The financial giant Goldman Sachs spent tens of millions of dollars to bail out two senior executives last fall who were short on cash, according to the bank’s proxy statement filed on Friday.
In an unusual move, Goldman bought back stakes in some internal investment funds from Jon Winkelried, the bank’s co-chief operating officer, and Gregory K. Palm, its general counsel.
Both executives are among the largest shareholders in the bank, owning more than a million shares each, and directors were concerned that a large sale of Goldman shares by the two men would alarm investors during a period of market turmoil, according to a person briefed on the matter.
To avoid the stock sales, Goldman paid Mr. Winkelried, who retired last month, $19.7 million to purchase about 30 percent of his investments in internal hedge funds and private equity investments.
The bank paid $38.3 million to Mr. Palm for about a quarter of his investments.
Soon after the bank aided the two executives, Warren E. Buffett invested $5 billion in Goldman, and the bank’s top four executives agreed not to sell more than 10 percent of their stock for three years.
Mr. Palm was not one of the four barred from selling stock, but Mr. Winkelried was, and that agreement remains in place even though he has retired.
The proxy also says that one bank executive, who is not identified, has pledged 500,000 shares of Goldman stock in exchange for loans from the bank.
The executives are not the only Goldman employees who have faced a liquidity squeeze. Goldman also offered loans earlier this month to more than 1,000 employees who invested in its internal investment funds. About 10 percent of those employees have indicated interest in the loans, according to a person briefed on the matter. The employees will use the loans to meet their contractual obligations to put more money into the bank’s internal investment funds.
Few banks were as high-flying as Goldman when Wall Street was riding high. In 2006, the bank paid more than 50 people more than $20 million each. But longtime partners at the firm, like Mr. Palm and Mr. Winkelried, have been particularly stung by the slide in its stock, and Goldman has been among the banks that have made margin calls on their own workers.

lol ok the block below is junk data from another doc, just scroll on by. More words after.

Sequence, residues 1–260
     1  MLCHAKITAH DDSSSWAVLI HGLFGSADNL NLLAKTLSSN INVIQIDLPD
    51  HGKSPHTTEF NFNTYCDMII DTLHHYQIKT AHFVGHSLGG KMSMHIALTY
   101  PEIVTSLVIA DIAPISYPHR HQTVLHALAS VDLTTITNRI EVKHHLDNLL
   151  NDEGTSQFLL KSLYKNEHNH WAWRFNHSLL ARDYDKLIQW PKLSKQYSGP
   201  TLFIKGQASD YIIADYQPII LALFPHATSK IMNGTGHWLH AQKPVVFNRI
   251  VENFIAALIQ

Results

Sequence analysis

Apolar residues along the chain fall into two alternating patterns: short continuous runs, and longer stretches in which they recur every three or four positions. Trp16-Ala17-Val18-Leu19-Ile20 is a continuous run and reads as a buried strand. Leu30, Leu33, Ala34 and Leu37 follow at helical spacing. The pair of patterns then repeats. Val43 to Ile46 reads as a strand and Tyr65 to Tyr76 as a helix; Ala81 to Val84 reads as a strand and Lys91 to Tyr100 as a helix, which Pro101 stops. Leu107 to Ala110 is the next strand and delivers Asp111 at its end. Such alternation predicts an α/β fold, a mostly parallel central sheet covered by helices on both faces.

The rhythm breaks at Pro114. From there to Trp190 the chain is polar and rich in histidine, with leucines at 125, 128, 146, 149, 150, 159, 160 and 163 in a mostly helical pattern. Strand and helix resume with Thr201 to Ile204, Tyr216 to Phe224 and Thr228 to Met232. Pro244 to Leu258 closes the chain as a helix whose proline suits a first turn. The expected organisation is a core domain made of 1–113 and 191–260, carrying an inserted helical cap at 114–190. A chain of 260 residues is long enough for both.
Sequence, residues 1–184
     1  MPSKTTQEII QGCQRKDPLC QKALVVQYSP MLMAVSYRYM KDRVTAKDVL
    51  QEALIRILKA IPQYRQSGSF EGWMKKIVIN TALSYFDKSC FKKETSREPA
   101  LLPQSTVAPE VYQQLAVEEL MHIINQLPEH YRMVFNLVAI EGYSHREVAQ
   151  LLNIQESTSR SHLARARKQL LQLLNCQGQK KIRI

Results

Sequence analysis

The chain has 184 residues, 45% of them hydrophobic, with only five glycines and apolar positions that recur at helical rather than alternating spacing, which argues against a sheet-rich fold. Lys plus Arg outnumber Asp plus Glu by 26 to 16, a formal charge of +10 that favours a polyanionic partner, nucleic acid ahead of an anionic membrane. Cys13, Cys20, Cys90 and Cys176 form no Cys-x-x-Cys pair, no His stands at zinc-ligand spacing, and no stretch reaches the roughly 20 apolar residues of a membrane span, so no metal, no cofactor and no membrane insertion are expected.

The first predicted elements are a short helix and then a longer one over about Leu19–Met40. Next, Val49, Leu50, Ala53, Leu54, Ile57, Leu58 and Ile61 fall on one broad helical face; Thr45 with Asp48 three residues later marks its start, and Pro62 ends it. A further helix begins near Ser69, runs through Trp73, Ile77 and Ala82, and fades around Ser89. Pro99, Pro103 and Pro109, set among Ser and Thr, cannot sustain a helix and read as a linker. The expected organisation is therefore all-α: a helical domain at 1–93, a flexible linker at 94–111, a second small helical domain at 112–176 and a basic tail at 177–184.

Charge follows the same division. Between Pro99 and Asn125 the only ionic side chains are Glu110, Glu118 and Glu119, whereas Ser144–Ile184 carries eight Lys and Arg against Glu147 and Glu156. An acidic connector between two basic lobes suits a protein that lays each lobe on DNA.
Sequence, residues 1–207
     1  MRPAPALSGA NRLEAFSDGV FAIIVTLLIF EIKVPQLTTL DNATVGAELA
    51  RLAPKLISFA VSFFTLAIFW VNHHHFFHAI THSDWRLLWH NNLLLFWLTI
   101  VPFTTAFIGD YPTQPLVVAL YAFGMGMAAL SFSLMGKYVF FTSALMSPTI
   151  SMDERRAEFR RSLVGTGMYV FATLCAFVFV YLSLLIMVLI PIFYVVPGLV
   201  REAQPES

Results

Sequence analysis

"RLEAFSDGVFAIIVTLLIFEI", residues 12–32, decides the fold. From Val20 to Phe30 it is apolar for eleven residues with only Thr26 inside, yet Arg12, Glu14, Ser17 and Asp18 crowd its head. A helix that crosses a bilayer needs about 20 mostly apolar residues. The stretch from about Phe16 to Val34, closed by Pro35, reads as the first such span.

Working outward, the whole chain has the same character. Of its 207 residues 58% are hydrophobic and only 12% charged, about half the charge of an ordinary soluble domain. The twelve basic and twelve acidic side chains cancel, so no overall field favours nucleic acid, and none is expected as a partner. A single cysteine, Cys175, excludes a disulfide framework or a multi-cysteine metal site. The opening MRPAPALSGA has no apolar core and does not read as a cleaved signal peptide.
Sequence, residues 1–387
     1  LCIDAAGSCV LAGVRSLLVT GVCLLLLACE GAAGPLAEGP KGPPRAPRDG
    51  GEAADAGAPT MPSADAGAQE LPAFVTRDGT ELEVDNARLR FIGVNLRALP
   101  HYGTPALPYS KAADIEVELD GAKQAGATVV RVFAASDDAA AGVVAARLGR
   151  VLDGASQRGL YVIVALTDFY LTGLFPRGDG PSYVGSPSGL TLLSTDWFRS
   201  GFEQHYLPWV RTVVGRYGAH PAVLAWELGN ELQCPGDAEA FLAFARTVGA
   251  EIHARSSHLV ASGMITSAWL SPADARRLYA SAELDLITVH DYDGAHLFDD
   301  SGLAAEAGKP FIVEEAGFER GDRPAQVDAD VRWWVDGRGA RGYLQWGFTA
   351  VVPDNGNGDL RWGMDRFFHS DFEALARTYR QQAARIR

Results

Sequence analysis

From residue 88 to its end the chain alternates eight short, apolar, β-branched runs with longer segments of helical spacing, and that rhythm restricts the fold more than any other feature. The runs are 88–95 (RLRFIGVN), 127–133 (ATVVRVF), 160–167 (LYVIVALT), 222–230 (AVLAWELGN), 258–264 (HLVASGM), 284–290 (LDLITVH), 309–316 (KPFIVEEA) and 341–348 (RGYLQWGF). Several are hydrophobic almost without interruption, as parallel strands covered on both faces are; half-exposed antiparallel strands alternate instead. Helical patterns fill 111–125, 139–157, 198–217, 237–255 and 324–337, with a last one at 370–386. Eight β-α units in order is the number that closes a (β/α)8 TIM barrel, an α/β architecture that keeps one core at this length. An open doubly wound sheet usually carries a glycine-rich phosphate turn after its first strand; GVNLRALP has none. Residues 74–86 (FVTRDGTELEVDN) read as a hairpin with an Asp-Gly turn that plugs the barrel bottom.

Goldman was the last Wall Street firm to go public, and many partners there, current and former, have held onto their stock since the offering 10 years ago because they did not want to pay the large tax bills attached to the profits that would accrue from sales of their shares.
Some partners and other employees there borrowed against their stock for living expenses or to make other investments in areas like hedge funds and private equity funds.
In a much-noticed sign of the times, Mr. Winkelried, a former investment banker, put his estate in Nantucket on the market last fall for $55 million. He has since lowered the price. He also owns a home in Short Hills, N.J., and a horse farm in Colorado.
Mr. Winkelried spent 27 years at the bank, working in areas like leveraged finance and rates and commodities before being named a senior executive. Mr. Palm still works at Goldman, where he has been head or co-head of the legal department since 1992, when he joined the bank from the law firm Sullivan & Cromwell. In 2007, he endowed a professorship in economics at his alma mater, the Massachusetts Institute of Technology. Last fall, he represented Goldman before a Senate panel that focused in part on bank compensation.
Mr. Palm and Mr. Winkelried did not return calls requesting comment on Friday.
Goldman’s chief, Lloyd C. Blankfein, and six other senior executives took no bonuses last year, the proxy confirmed, though they received some stock that was awarded to them in previous years.
Goldman will hold its annual meeting on May 8.
By LOUISE STORY
Published: March 27, 2009
Source: The New York Times